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L.A. Beat

Wild T and the Spirit supply good vibes and the spirit of Jimi Hendrix

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Seeing Wild T and the Spirit live is the closest thing most of us will get to seeing Jimi Hendrix, and that’s not just because Toney Springer, aka Wild T, plays a lot of Hendrix as he did at the Slice, July 15.

He not only knows all of Hendrix’s licks, but has his moves down as well. It’s just a pity only about 20 people were therWild T and the Spirit spreading good vibes. Photo By Richard Amerye to see this Canadian treasure playing a small, intimate venue. He knows his way around a Stratocaster, and the audience could tell he would have been just as happy playing for 20 people as he would be 20,000 people.

He always puts on an entertaining show and he has guitar chops and showmanship to die for. He cracked jokes and broke in new drummer Trevor Bigham with countless time changes and psychedelic jams incorporating everything from the Flintstones theme to Christmas carols like “Good King Wenceslas,” which inspired him to wish everybody a Merry Christmas.

 He started off with an easygoing, extended instrumental before tearing into the Boogie Man, then played one of his own slower songs “I’ll Play the Blues For You.”

Then it was time for the first Hendrix song of the night as he played a unique version of “All Along the Watchtower,” as requested by one of the enthusiastic audience members.

 He was also in an easygoing reggae mood, playing several Bob Marley songs, which including jumping into the crowd to get three of the pretty girls in the audience to sing along with him. Even the reggae songs turned into extended jams incorporating snatches of several other tunes.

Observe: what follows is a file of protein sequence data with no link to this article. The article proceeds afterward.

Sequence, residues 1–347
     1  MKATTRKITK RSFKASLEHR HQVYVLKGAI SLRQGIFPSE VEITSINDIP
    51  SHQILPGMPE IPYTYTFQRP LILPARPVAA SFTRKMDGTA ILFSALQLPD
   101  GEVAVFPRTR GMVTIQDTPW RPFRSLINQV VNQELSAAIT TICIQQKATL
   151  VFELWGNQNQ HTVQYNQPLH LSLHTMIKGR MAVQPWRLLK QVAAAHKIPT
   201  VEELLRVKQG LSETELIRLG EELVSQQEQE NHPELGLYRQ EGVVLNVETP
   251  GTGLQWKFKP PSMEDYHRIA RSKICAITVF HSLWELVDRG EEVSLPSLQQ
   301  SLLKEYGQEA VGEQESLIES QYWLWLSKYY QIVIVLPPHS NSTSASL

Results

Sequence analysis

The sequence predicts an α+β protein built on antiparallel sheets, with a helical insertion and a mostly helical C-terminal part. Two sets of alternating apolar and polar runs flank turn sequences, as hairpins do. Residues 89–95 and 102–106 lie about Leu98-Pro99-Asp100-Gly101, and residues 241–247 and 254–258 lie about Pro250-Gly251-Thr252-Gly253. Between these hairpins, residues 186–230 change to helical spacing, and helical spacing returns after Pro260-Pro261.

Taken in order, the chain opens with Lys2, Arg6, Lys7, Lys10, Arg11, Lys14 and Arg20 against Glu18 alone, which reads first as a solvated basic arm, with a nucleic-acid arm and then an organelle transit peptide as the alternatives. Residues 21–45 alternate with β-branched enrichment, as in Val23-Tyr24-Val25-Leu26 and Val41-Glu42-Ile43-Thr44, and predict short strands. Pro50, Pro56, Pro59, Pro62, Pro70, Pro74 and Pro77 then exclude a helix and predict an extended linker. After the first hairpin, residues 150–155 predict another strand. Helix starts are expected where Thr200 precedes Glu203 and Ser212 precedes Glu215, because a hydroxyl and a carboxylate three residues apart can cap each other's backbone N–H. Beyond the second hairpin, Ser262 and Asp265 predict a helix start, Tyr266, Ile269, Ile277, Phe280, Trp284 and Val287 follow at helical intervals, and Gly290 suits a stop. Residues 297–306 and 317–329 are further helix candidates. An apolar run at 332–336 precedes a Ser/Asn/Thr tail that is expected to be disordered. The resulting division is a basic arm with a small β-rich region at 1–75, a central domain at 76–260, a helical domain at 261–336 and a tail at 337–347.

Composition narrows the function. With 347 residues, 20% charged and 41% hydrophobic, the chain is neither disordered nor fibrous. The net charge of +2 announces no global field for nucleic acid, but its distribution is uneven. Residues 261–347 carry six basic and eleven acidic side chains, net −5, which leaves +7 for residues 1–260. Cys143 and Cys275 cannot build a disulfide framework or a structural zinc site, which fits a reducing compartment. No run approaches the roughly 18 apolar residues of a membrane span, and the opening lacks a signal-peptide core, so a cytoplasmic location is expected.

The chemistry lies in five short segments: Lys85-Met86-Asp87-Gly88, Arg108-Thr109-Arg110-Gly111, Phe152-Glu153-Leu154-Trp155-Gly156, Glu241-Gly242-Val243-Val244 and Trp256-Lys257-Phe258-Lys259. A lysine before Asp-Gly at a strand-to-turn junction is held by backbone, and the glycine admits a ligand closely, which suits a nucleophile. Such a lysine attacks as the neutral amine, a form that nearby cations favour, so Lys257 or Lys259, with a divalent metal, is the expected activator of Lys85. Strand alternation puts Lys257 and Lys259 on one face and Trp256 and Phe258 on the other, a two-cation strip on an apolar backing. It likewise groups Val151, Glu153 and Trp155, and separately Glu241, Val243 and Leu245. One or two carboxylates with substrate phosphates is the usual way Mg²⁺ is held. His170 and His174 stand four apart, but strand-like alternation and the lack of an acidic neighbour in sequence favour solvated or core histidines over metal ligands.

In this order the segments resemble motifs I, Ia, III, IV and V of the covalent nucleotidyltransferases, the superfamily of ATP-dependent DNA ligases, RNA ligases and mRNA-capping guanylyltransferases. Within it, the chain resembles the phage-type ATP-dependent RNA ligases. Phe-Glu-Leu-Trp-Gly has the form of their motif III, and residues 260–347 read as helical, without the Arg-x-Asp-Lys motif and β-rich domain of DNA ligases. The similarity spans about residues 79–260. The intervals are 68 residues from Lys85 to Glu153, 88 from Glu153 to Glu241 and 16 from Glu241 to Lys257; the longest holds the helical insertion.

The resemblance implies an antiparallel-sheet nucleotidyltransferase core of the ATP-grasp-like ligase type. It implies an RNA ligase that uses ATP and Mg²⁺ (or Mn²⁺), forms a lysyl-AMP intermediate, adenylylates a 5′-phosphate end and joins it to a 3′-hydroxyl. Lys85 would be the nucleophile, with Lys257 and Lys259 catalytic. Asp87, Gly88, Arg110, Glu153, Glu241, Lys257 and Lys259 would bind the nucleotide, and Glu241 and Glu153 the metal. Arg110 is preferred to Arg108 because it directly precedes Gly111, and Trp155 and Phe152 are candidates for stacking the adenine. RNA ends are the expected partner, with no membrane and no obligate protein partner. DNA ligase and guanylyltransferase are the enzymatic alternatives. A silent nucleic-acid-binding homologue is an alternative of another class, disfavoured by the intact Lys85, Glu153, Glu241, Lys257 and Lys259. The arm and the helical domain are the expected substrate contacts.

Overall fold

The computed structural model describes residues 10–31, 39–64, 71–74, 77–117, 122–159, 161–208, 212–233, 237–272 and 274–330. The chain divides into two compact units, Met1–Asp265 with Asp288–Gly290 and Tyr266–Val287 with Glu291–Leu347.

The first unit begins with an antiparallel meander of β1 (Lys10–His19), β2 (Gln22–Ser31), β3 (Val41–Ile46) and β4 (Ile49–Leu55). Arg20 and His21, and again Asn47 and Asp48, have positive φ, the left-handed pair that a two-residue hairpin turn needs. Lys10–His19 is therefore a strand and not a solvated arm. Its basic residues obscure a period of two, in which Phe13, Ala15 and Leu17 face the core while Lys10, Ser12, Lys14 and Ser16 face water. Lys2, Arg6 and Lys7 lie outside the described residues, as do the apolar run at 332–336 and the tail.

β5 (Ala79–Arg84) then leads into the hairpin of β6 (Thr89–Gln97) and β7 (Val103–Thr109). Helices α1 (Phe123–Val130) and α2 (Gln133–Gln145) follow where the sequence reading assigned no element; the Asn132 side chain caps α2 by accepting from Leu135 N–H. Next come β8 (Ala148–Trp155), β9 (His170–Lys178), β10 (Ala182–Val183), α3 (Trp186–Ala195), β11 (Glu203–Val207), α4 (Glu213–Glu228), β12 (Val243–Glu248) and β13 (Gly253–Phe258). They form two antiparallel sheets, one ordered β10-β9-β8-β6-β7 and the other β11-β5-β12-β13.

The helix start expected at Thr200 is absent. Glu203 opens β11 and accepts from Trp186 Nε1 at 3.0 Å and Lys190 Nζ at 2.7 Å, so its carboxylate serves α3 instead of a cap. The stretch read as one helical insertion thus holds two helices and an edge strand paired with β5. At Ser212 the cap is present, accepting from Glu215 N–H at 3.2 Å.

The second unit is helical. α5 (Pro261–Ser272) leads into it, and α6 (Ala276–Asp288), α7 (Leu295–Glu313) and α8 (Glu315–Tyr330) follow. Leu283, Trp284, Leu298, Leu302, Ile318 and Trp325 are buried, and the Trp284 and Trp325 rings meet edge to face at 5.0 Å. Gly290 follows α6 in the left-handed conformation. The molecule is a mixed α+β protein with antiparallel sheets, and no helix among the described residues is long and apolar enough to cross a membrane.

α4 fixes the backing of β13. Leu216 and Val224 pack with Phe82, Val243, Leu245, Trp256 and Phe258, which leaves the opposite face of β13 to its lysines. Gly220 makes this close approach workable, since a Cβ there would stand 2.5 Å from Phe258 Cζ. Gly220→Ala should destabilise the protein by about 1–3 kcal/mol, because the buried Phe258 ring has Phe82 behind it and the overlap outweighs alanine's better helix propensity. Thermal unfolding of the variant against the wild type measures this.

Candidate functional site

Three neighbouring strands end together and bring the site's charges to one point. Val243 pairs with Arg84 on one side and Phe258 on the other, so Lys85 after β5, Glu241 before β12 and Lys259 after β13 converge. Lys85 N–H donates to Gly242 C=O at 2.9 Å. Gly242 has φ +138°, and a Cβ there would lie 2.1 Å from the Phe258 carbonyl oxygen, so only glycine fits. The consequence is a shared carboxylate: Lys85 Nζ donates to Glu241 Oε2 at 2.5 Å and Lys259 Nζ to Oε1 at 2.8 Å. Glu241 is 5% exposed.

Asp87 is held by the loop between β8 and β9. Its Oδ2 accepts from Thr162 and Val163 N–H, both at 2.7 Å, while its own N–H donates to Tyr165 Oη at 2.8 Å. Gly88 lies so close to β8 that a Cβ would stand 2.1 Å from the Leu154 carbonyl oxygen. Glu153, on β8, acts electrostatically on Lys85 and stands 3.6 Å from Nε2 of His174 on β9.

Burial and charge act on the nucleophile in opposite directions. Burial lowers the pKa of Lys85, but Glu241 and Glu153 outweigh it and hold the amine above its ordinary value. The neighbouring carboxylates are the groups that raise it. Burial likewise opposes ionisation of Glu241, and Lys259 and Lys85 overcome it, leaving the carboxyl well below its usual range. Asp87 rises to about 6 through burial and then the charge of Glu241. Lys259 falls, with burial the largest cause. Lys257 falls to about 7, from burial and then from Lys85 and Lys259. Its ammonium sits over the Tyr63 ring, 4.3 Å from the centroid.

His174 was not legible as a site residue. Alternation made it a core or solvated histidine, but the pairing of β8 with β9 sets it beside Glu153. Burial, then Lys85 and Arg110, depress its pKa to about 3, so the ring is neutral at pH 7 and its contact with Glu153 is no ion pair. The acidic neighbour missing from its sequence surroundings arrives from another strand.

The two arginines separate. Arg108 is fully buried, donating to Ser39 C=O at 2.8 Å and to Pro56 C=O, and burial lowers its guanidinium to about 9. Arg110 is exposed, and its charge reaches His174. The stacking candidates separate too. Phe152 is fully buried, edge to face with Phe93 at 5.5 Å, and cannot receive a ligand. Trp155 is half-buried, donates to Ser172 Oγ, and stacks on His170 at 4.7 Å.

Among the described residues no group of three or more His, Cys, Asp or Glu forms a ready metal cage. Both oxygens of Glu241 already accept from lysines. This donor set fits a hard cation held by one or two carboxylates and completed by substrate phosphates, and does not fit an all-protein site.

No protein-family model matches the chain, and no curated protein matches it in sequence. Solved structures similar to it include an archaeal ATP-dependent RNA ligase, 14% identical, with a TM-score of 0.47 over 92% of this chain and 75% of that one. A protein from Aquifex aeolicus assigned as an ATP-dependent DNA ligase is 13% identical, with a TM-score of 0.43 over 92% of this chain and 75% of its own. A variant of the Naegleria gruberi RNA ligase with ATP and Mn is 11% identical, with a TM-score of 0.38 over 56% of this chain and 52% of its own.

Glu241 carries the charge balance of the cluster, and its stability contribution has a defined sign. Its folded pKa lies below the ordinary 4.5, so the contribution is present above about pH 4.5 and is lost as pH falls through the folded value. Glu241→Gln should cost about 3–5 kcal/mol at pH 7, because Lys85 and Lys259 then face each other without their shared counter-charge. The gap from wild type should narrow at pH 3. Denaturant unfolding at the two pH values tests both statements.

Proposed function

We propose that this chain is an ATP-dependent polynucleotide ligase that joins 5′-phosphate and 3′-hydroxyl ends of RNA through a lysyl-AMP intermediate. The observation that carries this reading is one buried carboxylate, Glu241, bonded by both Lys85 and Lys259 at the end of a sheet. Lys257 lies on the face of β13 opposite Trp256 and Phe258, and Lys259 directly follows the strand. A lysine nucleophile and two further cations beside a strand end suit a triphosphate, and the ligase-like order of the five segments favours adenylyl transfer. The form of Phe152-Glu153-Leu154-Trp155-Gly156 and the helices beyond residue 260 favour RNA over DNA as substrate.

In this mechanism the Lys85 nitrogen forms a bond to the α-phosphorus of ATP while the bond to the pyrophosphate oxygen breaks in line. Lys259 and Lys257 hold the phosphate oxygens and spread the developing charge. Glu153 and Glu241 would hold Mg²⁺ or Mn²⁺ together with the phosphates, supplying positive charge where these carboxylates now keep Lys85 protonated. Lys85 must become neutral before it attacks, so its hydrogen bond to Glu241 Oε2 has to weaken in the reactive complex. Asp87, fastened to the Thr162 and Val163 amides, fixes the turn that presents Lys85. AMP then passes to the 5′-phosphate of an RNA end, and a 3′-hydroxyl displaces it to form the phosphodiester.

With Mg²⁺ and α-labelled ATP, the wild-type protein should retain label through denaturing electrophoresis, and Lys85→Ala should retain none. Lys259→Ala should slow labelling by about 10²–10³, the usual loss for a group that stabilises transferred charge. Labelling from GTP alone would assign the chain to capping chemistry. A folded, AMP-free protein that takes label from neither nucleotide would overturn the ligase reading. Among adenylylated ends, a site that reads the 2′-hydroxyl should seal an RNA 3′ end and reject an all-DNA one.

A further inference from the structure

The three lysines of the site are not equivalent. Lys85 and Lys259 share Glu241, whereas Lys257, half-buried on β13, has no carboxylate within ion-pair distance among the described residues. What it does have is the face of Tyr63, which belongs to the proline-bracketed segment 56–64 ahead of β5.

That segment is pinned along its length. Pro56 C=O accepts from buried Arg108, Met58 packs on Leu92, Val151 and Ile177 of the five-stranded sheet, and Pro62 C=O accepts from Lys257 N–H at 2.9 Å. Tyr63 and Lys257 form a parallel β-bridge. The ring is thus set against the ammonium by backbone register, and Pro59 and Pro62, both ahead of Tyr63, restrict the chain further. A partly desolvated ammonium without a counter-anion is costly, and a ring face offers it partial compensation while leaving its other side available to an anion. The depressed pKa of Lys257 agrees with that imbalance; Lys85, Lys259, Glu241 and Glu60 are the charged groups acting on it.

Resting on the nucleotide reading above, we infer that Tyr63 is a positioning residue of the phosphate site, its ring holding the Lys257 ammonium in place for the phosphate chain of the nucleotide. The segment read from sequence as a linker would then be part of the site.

He also fit a couple of his excellent originals. A jam on “Life Goes On,” was exceptional and “My Next Ex-Wife,” was a crowd favourite.

Wild T gets some help with back-up vocalists in the audience. Photo by Richard Amery
 He ended his first set with Hendrix’s “Fire,” which not only incorporated a few bars of “Red Red Wine,” but another Bob Marley song as well as the Flintstones theme.

 He wasn’t done yet, though it was getting close to midnight, after a  brief break, he was back with more  guitar pyrotechnics.

 His Hendix version of the Star Spangled Banner was a big part of the set and just when you thought he couldn’t squeeze, chew or smack the strings with his dreadlocks for another gorgeous note out of his Stratocaster, he was called back for an encore of some electrified Flamenco music. That sequed into a long jam on Jimi Hendrix’s “Hey Joe,” which included a few bars of everything from the White Stripes to Van Morrison.

— By Richard Amery, L.A. Beat Editor
Last Updated ( Wednesday, 18 July 2012 12:10 )  
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